Assault weapons ban going no place in Minnesota

Speaking of doing what feels right, it also looks like Minnesota's effort to pass its own assault-weapon ban — to replace the equally misguided federal law that thankfully expired in September — is going nowhere. Section 1 of SF1946 lists the usual litany of mean-looking weapons: the AK-47, MAC-10, Uzi and AR-15.

The AR-15 is my favorite because it perfectly illustrates the illogic of this legislation. The AR-15 fires the same bullet at the same muzzle velocity at the same rate of fire as the Ruger Mini-14. More important, a Ruger Mini-14 was used in the shooting of Edina police officer Michael Blood during a November 2000 bank robbery.

So why is the AR-15 on the list and the Ruger isn't? Because it looks scarier.

This lunacy is made clearer when you consider that assault weapons are used in a minuscule number of crimes. This is apparently news to Sen. Satveer Chaudhary, sponsor of the assault-weapon ban.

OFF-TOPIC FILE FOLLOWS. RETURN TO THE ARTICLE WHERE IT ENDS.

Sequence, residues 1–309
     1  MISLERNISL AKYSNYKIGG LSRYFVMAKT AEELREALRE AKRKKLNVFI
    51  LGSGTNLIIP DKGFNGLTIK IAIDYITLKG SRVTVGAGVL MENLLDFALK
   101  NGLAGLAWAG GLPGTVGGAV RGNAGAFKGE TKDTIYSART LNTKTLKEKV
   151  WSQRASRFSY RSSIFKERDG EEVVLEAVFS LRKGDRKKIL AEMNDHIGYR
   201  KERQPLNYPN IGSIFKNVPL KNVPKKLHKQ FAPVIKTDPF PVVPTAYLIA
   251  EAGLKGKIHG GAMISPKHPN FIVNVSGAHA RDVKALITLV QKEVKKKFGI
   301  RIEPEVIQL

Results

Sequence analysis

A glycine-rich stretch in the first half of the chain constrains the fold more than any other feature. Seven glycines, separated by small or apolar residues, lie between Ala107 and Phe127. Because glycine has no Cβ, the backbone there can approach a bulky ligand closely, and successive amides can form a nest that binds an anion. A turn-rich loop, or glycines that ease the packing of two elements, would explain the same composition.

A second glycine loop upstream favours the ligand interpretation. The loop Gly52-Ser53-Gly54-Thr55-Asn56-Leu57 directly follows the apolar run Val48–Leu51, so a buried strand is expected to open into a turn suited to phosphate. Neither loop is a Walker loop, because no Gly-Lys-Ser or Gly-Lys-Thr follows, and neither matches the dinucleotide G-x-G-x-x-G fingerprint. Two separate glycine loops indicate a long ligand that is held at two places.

"Law enforcement often encounters these weapons," he told me. "Assault weapons in general are the gun of choice for criminals."

Sorry, Senator, but guns aren't the weapon of choice in assaults. According to 2003 Minnesota BCA statistics, guns were used in 1,140 urban aggravated assaults. Knives were used in 1,592, "other weapons" in 1,553, and hands and feet in 1,883. So if the Senate and the numerically challenged Million Moms — who wrote the Minnesota assault-weapon legislation — really want to make a difference, they'll start a movement to cut off the hands and feet of repeat violent offenders. Banning assault weapons will have little effect.

Which brings us to the other bit of foolishness proposed in the bill. It also takes on .50-caliber sniper rifles and the Fabrique Nationale Five-Seven pistol. The .50-cal, used by military snipers to disable armored personnel carriers and aircraft, is indeed a powerful weapon. But there's no record of one ever being used to commit a crime.